A water dispersible granule (WDG) was prepared through direct granulation of an agrochemical suspension composed of a mixture of sodium lignosulphonate and polyvinyl alcohol (PVA) as a binder using a fluidized bed granulator. The evaluation of various physicochemical properties showed that the mass median diameter (MMD) and disintegration time of the WDG increased with an increase in the PVA content. It was also revealed that the MMD was positively correlated with the viscosity of the agrochemical suspension and that the disintegration time decreased with an increase in solubility of the binder mixture.
This study examined the seasonal proportion change of ryanodine receptor mutation (G4946E) for Plutella xylostella populations using quantitative sequencing. Results showed that the proportions of G4946E generally increased from spring through summer, but then decreased in autumn. Furthermore, the proportions in late autumn were similar to those in early spring of the subsequent year. These results suggest that diamide effectiveness for P. xylostella control in the reference year can be evaluated based on a proportion survey in the prior year.
The effect of inclusion or exclusion of the root-shoot junction on the estimation of pesticide residue levels in turnip roots and leaves was investigated. Turnips grown at two experimental sites were sprayed with six pesticides. At residue analysis, the turnips were divided in three segments: roots (R), leaves (L), and root-shoot junctions (J). The highest pesticide residue amounts were found in leaves ≥93% of total, with minimal amounts in roots. Residue amounts in root-shoot junctions were intermediate between those of leaves and roots. Residue levels were calculated for the root plus root-shoot junction, and were higher than those in roots: (R+J)/R=1.0–9.0. In contrast, residue levels in the leaf plus root-shoot junction were lower than in leaves only: (L+J)/L=0.76–0.91. The results indicate that the position of the cut between root and leaves could greatly affect the estimated pesticide residue levels when roots and leaves are analyzed separately.
Species sensitivity distribution (SSD) is a key concept of probabilistic analysis for quantifying ecological risk. I developed a method of probabilistic ecological risk assessment in Japan with a case study of the herbicide simetryn. Then, risk comparison among eleven herbicides was conducted using the developed method. However, one of the most important limitations of SSD application is the lack of sufficient toxicity data for SSD analysis. Thus, an ecotoxicity database was developed for the application of SSD to a wide range of pesticides. After that, I proposed that species batteries of the five species should be the standardized dataset for the SSD analysis of insecticides and herbicides. Finally, I have published a technical guidance document for SSD analysis written in Japanese to promote the application of SSDs in Japan. The remarkable point is that the supplemental Excel-based tool makes it easy to analyze SSDs and conduct ecological risk assessments.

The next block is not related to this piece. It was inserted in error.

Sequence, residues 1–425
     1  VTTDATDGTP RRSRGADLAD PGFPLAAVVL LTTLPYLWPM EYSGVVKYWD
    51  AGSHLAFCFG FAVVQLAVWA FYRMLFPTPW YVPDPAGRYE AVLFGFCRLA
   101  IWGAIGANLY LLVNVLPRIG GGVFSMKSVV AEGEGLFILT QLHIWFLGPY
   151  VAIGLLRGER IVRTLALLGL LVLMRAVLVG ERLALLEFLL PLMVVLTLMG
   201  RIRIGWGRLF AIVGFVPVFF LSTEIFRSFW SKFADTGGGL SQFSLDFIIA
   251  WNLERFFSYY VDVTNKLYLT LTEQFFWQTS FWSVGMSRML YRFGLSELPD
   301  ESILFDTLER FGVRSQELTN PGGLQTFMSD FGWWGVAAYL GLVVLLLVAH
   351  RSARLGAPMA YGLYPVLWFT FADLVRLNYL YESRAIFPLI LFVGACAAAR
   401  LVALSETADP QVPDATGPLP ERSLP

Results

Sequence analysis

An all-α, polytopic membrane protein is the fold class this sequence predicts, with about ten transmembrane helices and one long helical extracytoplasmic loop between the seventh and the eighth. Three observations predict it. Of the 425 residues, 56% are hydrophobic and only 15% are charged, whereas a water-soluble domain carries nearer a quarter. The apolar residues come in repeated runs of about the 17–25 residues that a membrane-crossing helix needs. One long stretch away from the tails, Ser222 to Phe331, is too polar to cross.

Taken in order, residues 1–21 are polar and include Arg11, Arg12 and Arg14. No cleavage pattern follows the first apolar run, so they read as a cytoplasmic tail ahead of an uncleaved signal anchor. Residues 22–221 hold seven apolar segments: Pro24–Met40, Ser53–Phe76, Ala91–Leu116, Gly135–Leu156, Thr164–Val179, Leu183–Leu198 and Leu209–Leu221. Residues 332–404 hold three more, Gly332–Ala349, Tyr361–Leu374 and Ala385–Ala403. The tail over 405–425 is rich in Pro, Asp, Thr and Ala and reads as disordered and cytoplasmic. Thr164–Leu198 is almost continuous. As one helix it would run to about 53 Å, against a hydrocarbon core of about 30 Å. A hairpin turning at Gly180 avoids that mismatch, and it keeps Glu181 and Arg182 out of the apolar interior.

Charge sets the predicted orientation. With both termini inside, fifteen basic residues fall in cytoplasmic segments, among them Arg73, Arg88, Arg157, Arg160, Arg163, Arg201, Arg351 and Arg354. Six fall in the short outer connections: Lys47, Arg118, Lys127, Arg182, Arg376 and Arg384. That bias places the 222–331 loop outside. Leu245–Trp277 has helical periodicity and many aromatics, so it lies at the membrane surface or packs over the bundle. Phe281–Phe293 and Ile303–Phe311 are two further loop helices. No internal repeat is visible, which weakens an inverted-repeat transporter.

Pyflubumide is a novel carboxanilide acaricide discovered and developed by Nihon Nohyaku Co., Ltd., that exhibits excellent acaricidal activity against Tetranychus and Panonychus species, including strains that have developed resistance to conventional acaricides. Its safety profile against non-target arthropods is suitable for integrated pest management (IPM) programs. Pyflubumide was registered and launched in Japan in 2015 and Korea in 2017. This paper describes pyflubumide’s invention history, synthesis, exploratory synthesis, biological activity, toxicological profile, and mode of action.
Fenpyrazamine is a novel fungicide with an aminopyrazolinone structure developed by Sumitomo Chemical Co., Ltd. Fenpyrazamine has good fungicidal properties, such as high antifungal activity, preventive activity, translaminar activity, inhibition activity in lesion development, and long lasting activity. The target enzyme of fenpyrazamine is 3-keto reductase in the ergosterol biosynthetic pathway. Fenpyrazamine shows high efficacy against gray mold, stem rot, and brown rot in field trials. Formulated products, PROLECTUS® and PIXIO®DF, have been registered since 2012. PROLECTUS® was first launched in Italy in 2012, and PIXIO®DF was launched in Japan in 2014.